When a Police Officer Kicks a Gang Member

As is almost always the case in such incidents, the outcome for the players involved will be determined as much by politics as it is by the application of the law and police procedures. Distasteful as it may be, one must evaluate the racial calculus before attempting to predict what might come to pass. Richard Rodriguez is Latino, as is the officer who kicked him, so there won't be any opportunity for breathless news reports about oppressed minorities being beaten down by racist white cops. Also, Mr. Rodriguez, freshly released from prison, and who sports the name of his street gang in tattoos on his upper lip and neck, is unlikely to arouse much sympathy, either in the public or in members of any jury that might come to hear evidence in this case.

And there is the fact that the story seems to have lost its "legs." The video has already disappeared from television news programs, and the outrage that often follows such televised arrests has failed to materialize. Recall that the video of Rodney King's 1991 arrest was played endlessly, leading to an expectation in the public that the officers accused of beating him would be convicted. When they weren't, Los Angeles erupted into rioting that left 53 people dead and large swaths of the city in ashes.

The ACLU, as might be expected, has written to Los Angeles County district attorney Steve Cooley asking that criminal charges against the officer be considered for his "egregious abuse of force against a suspect who had apparently already surrendered." There is no mention in the letter of their concern for the many lives endangered and the property damaged by Rodriguez's criminal behavior. Perhaps they're trying to cut down on the stationery.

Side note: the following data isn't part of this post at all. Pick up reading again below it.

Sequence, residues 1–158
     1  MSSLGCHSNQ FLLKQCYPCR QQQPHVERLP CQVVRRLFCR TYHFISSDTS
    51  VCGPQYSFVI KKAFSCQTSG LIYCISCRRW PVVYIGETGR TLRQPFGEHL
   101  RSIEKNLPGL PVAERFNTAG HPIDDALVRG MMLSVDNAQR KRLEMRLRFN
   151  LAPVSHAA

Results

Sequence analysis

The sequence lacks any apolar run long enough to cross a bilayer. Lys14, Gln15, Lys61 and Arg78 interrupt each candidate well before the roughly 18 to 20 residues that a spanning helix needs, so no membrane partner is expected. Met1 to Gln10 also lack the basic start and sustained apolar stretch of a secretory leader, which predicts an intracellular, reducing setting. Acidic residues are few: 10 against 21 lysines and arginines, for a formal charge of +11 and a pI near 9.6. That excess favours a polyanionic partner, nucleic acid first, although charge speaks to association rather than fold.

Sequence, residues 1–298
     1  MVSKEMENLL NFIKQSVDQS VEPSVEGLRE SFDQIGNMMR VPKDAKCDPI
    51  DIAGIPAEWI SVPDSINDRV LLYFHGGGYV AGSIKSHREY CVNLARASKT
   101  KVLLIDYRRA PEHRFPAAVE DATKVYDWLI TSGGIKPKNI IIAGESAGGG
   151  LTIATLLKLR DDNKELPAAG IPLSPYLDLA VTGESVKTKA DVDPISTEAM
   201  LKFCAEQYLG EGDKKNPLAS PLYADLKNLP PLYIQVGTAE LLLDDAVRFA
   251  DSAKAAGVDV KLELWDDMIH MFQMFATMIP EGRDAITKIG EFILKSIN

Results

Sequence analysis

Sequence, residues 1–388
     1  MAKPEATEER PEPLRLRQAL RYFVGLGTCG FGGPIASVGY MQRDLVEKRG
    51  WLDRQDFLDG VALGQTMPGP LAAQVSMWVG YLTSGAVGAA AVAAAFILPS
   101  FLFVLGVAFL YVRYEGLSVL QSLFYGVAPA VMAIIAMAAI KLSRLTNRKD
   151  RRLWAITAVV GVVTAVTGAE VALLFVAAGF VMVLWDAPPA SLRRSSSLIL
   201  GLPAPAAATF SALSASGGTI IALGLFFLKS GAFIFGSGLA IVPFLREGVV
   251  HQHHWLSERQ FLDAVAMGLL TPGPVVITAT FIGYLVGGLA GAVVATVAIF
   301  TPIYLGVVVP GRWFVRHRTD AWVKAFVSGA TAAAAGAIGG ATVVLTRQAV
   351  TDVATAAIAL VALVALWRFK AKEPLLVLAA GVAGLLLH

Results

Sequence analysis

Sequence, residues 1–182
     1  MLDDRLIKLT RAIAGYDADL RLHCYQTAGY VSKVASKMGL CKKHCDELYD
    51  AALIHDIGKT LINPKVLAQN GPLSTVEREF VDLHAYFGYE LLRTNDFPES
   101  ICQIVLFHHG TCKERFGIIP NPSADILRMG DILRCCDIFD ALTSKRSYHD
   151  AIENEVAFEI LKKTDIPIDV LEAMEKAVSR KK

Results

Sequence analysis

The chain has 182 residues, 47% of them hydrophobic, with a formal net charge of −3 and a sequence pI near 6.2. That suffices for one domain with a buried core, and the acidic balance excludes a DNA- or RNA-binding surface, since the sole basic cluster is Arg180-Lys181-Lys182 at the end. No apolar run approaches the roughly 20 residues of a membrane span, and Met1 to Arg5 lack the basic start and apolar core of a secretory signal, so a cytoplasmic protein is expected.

But what should become of the officer who delivered the now-infamous kick? Nothing, according to a lawyer representing the El Monte Police Officers' Association. Attorney Dieter Dammier told the Los Angeles Times that the officer acted within his training and department policy. "The individual officer saw some movement," said Dammier. "He feared the parolee might have a weapon or be about to get up. So the officer did what is known as a distraction blow. It wasn't designed to hurt the man, just distract him."

Like any good attorney, Mr. Dammier is just doing his job, but that one is a stretch. Mr. Rodriguez was no doubt "distracted" by the kick, but even if such a kick were allowed under department policy (which I doubt), it certainly was not the proper tactic to employ at that time. The officer instead should have placed himself behind some kind of cover and waited for help to arrive before attempting to approach the suspect.

But as any cop can tell you, adrenalin is powerful stuff. My guess is that the officer in question, after a long and very stressful pursuit, ran into that yard not knowing that the suspect had given up, instead fully expecting a violent confrontation with him. When he turned the corner and saw the suspect lying on the grass, he was in effect like a bullet that had already been fired. He failed in that moment to re-program himself for the nonviolent conclusion that was unexpectedly but appropriately called for. In so failing, he endangered himself and his fellow officers by risking an altercation that might have resulted in a shooting, and he made them all look bad in the process.

News reports have identified the officer as a 15-year veteran of the department. Surely in that time he has posted a track record that would indicate whether the kick was part of a pattern or an aberration. If the former, perhaps it's time for him to find another line of work. If the latter, let him accept and learn from whatever punishment the process may demand, and then get back to work. Someone has to be willing to go out and chase the Robert Rodriguezes of the world.